About a month ago, I came across an article about how repairing broken items not only supports sustainability, but also empowers people, providing a psychological boost in these troubled times. (You can read the article here if you’re interested. It seems mostly to be a promotional piece on Kyle Wiens, who has an online repair community called iFixit.)
The vacuum handle release pedal holds the tubular wand in an upright position when locked. To unlock the wand, you step on the release pedal, and you can then lower the wand at an angle for use. It’s useful in that when you stand the wand up, it doesn’t just flop to the floor.
The locking part of our vacuum handle release pedal had broken off. That’s the tongue-like part in the middle.
It would seem to be a simple matter to replace this release pedal. You just get a new part and install it. Voila! Sustainable! Empowering!
Because this is an old Kenmore, the best source for this part was Sears. I went to searspartsdirect.com and with some help from chat support, found the part. I decided just to get it from Sears because it was hard to find elsewhere and wasn’t significantly cheaper. The photo of the new part up at the top is from the Sears site, and you can find this same photo all over, complete with the dent in the paper to the left.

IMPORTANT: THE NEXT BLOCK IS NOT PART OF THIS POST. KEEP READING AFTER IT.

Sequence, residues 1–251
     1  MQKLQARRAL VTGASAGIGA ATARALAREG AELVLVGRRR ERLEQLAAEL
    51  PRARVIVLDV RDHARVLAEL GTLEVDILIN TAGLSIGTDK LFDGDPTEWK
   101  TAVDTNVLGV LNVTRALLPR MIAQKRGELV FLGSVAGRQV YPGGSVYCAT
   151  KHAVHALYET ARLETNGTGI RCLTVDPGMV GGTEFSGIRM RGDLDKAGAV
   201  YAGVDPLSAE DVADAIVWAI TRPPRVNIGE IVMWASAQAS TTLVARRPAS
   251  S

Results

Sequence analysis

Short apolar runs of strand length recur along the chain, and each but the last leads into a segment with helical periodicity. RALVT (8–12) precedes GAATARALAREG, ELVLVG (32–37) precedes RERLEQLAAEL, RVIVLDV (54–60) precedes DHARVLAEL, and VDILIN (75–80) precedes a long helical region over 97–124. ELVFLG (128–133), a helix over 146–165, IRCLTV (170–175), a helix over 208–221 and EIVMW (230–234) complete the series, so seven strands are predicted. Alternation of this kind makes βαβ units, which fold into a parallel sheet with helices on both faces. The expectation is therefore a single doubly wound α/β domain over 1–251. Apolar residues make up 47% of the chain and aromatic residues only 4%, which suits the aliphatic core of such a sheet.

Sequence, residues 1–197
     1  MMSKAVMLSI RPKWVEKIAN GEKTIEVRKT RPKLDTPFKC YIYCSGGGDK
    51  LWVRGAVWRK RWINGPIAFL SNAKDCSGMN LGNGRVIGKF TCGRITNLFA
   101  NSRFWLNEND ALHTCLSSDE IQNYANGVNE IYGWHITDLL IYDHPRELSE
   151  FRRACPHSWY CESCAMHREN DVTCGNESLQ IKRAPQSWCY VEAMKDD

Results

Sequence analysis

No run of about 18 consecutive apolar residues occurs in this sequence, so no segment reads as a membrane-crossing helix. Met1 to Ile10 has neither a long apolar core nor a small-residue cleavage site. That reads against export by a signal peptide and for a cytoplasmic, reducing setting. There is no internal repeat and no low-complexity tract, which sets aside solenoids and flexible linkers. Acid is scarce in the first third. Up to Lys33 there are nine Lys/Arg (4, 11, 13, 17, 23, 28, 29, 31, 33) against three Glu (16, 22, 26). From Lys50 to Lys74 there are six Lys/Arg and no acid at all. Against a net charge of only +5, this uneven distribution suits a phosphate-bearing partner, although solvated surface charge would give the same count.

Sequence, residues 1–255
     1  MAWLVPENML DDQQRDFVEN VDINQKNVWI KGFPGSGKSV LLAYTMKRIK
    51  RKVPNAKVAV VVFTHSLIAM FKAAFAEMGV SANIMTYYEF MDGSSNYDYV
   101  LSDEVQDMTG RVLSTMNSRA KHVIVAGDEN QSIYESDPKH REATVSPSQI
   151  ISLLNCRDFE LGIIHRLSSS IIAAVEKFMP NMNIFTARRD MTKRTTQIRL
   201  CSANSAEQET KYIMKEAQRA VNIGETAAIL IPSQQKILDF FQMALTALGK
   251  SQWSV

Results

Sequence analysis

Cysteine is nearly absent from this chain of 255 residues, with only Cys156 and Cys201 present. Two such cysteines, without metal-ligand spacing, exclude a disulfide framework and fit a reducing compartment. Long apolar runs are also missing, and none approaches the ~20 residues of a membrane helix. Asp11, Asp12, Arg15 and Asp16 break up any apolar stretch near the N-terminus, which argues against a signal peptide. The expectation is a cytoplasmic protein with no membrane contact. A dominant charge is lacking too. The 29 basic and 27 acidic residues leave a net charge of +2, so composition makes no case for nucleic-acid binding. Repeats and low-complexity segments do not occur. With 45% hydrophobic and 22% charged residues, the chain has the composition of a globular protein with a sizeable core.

I was told that this part came with instructions. It did not.
Evidently this release pedal fits many different Kenmore vacuums, but replacing it is easier on some than on others. In my case, it was difficult. The broken part could not be removed easily. It was necessary to take apart the Power Mate to have enough space to lift the broken part off and put the new part on.
Kyle Wiens, the repair advocate, says, “Once you remove the first screw and you start, you’re gonna succeed.” I love optimists, don’t you? So cheery!
I have dismantled the Power Mate in the past, fortunately—but I soon found I had to boldly go beyond my experience. Let the photos begin!
The photos immediately below show the steps just to get inside the red housing of the Power Mate. The cover unscrews and unclips from the base. (Click each photo to see a caption.)
Once inside, I had to unscrew and unclip the wand connector and small motor to allow the wand connector to be raised enough to remove the broken part.
Finally! I could pry that broken pedal out and clip the new part in place.
Not done quite yet. Reassembly needed. Fortunately I had kept things organized and taken photos.
This turned out well in the end, but it wasn’t any ten-minute repair. I spent a lot of time, and I had gotten to the point where I began to feel the minutes of my only life slipping away . . . just to have a working vacuum . . .
My repair was cheaper than having a technician attempt it, and also cheaper than purchasing a new vacuum. Is that the point? I wonder. I don’t know that I changed the world, but who knows. I suppose it was a tiny victory in modern life.